(2) Should I give students the questions beforehand? Right now I do because if they want to figure out the answers on their own, great! As long as I have enough possible questions so they’re not simply memorizing and spitting back what I say, but really understanding it. (Or should they be able to get these questions even without me providing them ahead of time?)

(3) Is there a place to get these types of questions? I primarily look in the textbook or come up with my own questions, but surely there’s a bank of these somewhere online that I haven’t found yet.


These questions are ones that get at understanding, though harder to grade (at least they take longer), are worth it. When I started these questions, I was sorely disappointed how little my Precalculus students understood (even though they have seen some things, like exponents, in Algebra II and probably even in Algebra I!). I’m really curious what people think about the three reflection questions above.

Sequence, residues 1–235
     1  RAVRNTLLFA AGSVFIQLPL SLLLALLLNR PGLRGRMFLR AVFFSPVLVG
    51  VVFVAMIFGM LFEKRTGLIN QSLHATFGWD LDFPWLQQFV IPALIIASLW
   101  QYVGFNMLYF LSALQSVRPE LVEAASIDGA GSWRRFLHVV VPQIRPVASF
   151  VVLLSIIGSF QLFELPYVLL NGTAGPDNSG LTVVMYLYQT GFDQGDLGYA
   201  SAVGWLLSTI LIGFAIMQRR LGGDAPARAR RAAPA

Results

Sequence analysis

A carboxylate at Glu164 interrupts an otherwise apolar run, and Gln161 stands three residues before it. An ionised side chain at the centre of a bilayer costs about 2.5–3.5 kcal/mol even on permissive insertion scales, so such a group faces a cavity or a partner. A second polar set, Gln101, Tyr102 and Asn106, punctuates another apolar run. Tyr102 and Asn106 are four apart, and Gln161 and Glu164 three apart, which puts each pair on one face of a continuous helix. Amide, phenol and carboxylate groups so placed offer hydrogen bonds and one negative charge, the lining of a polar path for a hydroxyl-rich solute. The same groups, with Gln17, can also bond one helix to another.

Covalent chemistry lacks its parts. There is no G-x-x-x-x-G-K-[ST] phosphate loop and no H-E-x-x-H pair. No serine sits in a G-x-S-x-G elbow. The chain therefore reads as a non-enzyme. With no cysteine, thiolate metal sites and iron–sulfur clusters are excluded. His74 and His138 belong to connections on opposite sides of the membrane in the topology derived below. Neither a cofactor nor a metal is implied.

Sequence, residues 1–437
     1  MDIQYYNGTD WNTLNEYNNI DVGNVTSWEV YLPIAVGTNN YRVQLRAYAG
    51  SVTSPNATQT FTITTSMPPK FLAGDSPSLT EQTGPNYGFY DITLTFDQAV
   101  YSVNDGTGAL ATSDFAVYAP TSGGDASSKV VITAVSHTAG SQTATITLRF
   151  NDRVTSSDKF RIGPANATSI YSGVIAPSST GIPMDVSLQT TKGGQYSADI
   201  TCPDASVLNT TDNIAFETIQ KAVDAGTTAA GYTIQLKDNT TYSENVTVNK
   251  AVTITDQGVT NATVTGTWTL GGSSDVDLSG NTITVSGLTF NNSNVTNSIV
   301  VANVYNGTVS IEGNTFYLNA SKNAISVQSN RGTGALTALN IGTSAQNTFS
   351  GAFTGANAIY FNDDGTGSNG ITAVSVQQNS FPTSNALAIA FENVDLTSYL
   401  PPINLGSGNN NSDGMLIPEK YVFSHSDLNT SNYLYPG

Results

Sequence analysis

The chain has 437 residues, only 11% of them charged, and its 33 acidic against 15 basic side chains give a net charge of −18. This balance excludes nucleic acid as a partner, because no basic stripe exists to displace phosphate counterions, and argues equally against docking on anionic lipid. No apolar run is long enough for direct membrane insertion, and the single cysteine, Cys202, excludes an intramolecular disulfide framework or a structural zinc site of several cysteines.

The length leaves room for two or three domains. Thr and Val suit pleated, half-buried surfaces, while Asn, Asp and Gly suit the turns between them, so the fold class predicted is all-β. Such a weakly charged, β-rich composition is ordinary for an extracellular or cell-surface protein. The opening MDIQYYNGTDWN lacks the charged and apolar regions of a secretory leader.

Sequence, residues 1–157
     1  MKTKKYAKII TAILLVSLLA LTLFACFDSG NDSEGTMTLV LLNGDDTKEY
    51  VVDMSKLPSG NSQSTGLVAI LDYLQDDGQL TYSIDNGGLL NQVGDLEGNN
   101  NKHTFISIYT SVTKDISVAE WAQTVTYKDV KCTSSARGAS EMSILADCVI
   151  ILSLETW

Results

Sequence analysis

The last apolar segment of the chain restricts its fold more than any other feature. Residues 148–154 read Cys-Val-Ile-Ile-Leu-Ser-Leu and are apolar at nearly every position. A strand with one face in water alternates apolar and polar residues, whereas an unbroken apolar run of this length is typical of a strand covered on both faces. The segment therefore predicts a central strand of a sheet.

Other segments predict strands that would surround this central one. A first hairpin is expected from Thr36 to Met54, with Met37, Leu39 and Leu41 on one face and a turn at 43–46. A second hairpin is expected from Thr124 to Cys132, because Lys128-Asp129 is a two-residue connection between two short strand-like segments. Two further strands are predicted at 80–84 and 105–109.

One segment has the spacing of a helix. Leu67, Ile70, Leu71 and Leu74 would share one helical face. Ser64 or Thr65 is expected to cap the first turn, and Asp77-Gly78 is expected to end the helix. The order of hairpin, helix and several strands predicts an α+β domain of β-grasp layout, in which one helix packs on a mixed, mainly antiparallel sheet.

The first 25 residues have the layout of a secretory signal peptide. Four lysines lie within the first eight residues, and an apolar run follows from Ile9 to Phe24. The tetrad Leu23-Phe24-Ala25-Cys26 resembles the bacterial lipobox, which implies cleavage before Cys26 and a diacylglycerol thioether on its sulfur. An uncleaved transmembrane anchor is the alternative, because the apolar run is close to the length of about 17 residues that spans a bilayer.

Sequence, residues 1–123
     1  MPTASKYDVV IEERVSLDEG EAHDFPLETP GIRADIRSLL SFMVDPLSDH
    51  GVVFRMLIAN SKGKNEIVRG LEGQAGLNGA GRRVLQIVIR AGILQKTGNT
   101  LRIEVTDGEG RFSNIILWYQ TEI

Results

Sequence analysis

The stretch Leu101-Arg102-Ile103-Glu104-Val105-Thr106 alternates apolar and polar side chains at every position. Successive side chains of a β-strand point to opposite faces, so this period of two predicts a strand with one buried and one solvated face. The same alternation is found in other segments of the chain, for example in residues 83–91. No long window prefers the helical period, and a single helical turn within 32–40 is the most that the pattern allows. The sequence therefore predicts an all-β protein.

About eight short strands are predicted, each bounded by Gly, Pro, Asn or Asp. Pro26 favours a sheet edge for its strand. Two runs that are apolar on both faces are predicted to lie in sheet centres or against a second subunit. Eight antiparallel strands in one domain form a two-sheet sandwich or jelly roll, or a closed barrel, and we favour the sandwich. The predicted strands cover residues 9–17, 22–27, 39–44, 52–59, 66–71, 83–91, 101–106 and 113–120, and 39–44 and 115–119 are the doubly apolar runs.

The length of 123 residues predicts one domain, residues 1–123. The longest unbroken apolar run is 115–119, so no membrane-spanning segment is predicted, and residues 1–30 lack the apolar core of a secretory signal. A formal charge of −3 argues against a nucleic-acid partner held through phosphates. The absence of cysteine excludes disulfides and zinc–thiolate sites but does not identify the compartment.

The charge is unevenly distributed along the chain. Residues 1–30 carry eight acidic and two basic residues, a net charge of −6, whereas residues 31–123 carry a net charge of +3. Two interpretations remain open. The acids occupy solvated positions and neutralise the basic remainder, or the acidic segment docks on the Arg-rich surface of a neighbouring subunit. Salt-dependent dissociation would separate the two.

Thanks for reading!


[1] I’ve flip-flopped between using the vocabulary “prove” and “explain”. The former suggests there’s one right answer to students whereas the latter allows for various explanations. “Explain” also is harder to grade, but I’m very excited if I see students start to write out examples in their explanations. No, it’s not as rigorous as professional mathematicians, but it shows me that they’re starting to understand.



Filed under Teaching

5 responses to “[2016 Blogging Initiative] Week Three: Understanding Questions

  1. Wow! You are truly assessing for understanding and preparing for transfer of knowledge. Though I am not aware of a bank of this type of questions, your style ties very closely to the work of McTighe and Wiggins (Understanding by Design). I wonder if you explored their work if you may find more support for your direction. Well done and keep it up! I am definitely bookmarking your blog!

    • Thanks! I’ve heard of “Understanding by Design” but it’s been a long time and I don’t recognize the names, so thank you for sharing those with me!